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Sensors 2019, 19(15), 3357; https://doi.org/10.3390/s19153357

Article
Monitoring of Carbon Dioxide Using Hollow-Core Photonic Crystal Fiber Mach–Zehnder Interferometer
1
Multi-Scale Additive Manufacturing Laboratory, Department of Mechanical and Mechatronics Engineering, University of Waterloo, Waterloo, ON N2L3G1, Canada
2
Department of Mechanical Engineering, University of Victoria, Victoria, BC V8W2Y2, Canada
3
School of Mechanical Engineering, Purdue University, West Lafayette, IN 47907, USA
*
Author to whom correspondence should be addressed.
Received: 10 July 2019 / Accepted: 29 July 2019 / Published: 31 July 2019

Abstract

:
Monitoring of greenhouse gases is essential to understand the present state and predict the future behavior of greenhouse gas emissions. Carbon dioxide (CO2) is the greenhouse gas of most immediate concern, because of its high atmospheric concentration and long lifetime. A fiber-optic Mach–Zehnder interferometer (MZI) is proposed and demonstrated for the laboratory-scale monitoring of carbon dioxide concentration. The interferometric sensor was constructed using a small stub of hollow-core photonic crystal fiber between a lead-in and lead-out standard single mode fiber, with air-gaps at both interfaces. At room temperature and atmospheric pressure, the sensor shows the sensitivity of 4.3 pm/% CO2. The device was packaged to demonstrate the laboratory-scale leakage detection and measurement of CO2 concentration in both subsurface and aqueous environments. The experimental study of this work reveals the great potential of the fiber-optic approach for environmental monitoring of CO2.
Keywords:
carbon dioxide gas; fiber-optic sensor; Mach–Zehnder interferometer; photonic crystal fiber

1. Introduction

Carbon dioxide (CO2) has been identified as the primary heat-trapping gas to adversely affect our climate between 1750 and 2011 [1]. As our planet is likely to face greater future challenges, in recent years considerable carbon mitigation research has been undertaken in an effort to fight global warming caused by CO2. Deployment of carbon capture and storage (CCS) technologies have been proposed for a drastic reduction of CO2 emission [2]. As of September 2012, 75 large-scale global CCS projects (at least 400,000 tons of CO2 per year) and a number of projects under advanced stages of development have been identified by the Global CCS Institute [3]. While CCS has a vital role in controlling greenhouse gas emissions, CO2 leakage at sequestration sites is the primary concern because of its adverse environmental impacts [4,5]. Research models predict that in an event of leakage, CO2 escape rate above 0.1% may jeopardize the effectiveness of a geological storage site [6]. Hence, early detection of CO2 leakage is essential to re-establish the efficiency of a CCS operation and minimize its ecological damages. Monitoring of CO2 leakage has been investigated using diverse approaches including seismic [7], geoelectrical [8], geochemical [9], gravimetric [10], temperature logs [11], and soil gas composition [12]. There are many challenges inherent to monitoring a CCS project, most notably: prolonged periods (i.e., several decades), long transmission lengths, extreme physical and chemical conditions, and capital and operating costs. Most of the techniques mentioned above have a low sensing resolution or do not meet the challenges associated with monitoring CCS projects.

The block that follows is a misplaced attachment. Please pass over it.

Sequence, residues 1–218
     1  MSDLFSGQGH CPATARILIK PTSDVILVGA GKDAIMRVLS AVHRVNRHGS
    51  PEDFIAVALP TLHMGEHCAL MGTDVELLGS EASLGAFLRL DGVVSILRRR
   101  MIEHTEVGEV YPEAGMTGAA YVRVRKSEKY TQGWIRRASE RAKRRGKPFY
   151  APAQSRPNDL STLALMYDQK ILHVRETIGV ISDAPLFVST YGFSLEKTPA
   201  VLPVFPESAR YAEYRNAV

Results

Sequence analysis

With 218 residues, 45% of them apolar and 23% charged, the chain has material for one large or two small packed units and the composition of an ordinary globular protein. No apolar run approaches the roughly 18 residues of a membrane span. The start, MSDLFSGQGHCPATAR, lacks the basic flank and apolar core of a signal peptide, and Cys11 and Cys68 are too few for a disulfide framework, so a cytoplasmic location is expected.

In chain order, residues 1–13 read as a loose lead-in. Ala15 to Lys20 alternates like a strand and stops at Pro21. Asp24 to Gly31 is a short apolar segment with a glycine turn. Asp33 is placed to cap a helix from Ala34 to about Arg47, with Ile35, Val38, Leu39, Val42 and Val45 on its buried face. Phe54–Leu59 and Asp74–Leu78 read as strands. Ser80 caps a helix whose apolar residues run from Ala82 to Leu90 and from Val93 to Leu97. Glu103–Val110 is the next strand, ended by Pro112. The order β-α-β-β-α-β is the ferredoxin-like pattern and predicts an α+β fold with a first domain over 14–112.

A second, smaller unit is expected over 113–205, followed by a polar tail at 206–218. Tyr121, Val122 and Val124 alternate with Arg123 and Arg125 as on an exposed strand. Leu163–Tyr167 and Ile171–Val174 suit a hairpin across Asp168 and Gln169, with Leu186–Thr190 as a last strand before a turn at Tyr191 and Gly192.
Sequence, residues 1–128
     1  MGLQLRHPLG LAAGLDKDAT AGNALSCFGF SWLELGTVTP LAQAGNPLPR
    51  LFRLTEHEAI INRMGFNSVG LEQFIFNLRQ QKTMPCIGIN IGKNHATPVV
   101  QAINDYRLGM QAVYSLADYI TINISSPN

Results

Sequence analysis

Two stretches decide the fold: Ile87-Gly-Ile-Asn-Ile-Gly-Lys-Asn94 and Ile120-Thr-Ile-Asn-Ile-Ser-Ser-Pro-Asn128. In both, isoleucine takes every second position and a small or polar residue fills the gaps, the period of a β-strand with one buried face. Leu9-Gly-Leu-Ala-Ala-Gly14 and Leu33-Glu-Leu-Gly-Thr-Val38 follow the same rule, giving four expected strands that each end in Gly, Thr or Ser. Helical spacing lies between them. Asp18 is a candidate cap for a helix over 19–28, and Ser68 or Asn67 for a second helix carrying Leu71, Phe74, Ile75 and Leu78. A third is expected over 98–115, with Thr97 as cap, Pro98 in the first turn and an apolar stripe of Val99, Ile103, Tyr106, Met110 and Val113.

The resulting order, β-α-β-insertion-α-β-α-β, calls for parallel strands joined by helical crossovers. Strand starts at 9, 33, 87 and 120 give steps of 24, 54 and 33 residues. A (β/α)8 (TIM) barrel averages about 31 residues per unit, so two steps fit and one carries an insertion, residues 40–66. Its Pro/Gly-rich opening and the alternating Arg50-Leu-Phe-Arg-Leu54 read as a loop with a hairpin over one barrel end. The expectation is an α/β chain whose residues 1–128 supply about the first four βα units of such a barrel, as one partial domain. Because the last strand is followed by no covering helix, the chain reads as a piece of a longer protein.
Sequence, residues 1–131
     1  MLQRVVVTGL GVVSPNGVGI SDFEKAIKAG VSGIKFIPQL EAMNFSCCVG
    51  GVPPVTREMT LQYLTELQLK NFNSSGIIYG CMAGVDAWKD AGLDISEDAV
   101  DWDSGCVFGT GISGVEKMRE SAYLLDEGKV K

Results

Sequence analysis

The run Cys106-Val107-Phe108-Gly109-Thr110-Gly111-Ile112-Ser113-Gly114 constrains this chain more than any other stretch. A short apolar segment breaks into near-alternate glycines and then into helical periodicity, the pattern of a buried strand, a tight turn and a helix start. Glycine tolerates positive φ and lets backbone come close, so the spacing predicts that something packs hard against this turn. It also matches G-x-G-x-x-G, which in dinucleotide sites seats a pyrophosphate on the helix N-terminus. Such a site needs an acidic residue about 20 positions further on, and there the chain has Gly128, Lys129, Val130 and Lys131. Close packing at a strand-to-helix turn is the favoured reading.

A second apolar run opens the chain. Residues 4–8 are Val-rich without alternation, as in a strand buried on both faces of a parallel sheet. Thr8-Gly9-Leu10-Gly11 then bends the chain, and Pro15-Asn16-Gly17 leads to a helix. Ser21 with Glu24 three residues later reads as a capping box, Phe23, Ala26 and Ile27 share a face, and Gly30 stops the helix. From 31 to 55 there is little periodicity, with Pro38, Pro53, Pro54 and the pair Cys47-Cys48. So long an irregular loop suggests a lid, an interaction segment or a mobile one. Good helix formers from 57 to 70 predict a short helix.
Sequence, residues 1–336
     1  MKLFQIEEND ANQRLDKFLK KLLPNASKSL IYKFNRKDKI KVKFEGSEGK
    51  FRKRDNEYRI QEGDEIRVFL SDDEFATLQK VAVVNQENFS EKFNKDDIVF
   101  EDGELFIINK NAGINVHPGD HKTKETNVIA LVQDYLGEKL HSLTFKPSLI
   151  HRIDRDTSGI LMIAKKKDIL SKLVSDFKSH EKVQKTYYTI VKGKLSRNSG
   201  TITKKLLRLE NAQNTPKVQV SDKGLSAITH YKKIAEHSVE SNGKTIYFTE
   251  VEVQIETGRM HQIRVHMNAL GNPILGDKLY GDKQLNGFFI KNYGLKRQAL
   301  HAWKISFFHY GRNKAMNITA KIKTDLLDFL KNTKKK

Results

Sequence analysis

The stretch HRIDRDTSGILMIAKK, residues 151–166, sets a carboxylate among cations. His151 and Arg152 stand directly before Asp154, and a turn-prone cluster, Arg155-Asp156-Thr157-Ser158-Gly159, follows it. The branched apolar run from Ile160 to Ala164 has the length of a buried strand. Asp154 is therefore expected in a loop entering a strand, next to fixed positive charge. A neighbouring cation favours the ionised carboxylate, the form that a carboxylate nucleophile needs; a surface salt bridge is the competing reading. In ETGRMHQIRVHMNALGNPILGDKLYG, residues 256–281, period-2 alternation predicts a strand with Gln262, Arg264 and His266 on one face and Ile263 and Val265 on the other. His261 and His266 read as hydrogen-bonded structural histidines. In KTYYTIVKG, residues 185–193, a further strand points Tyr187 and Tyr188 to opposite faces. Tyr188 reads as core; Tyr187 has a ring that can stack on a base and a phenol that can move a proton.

Fiber optic sensors have unique properties that make them ideal for CCS site monitoring, for example: compact size; immunity to electromagnetic radiation; superior aging characteristics; long-haul monitoring capabilities; and, the ability for high-resolution CO2 detection. Fiber optic sensors are very efficient in gas detection and monitoring applications [13,14,15] as compared to conventional sensors. Various fiber-optic sensor configurations have been exploited for monitoring CO2 concentration, including long period grating [16], Bragg grating [17], evanescent filed [18], and fluorescent based [19,20]. Fiber fluorescence sensor has also been employed to demonstrate monitoring of environmental CO2 [21]. Use of fluorescent dyes, nanoparticle coatings, or extensive etching of the fibers in the reported studies are likely to affect the aging behavior and robustness of the sensors. There has been a constant effort to develop highly sensitive all-fiber sensors using suitable fiber type and device configuration [13,14,22]. The evanescent field in the cladding air holes of photonic crystal fibers reveals new opportunities to exploit light interaction with gasses for sensing applications [23,24]. Hollow-core photonic crystal fibers (HC-PCFs) have air holes running along the fiber propagation axis in both the core and cladding regions. These structures have been introduced to improve the light interaction with the sample gas leading to superior sensitivity [25,26]. Various mechanisms have been explored for HC-PCF-based gas sensing, including tunable modal interference [27], Fabry–Pérot interference [28], photothermal phase modulation [29], surface-enhanced Raman scattering [30], and a gas absorption spectroscopy [25,31]. However, these sensing devices require an extended length of HC-PCF, drilling side micro-holes on HC-PCF, or filling the air holes of HC-PCF with a Raman scattering substrate such as nanoparticle colloids. The reported fiber-optic gas sensors to date either display insufficient sensitivity/reliability or require complex fabrication and/or packaging processes.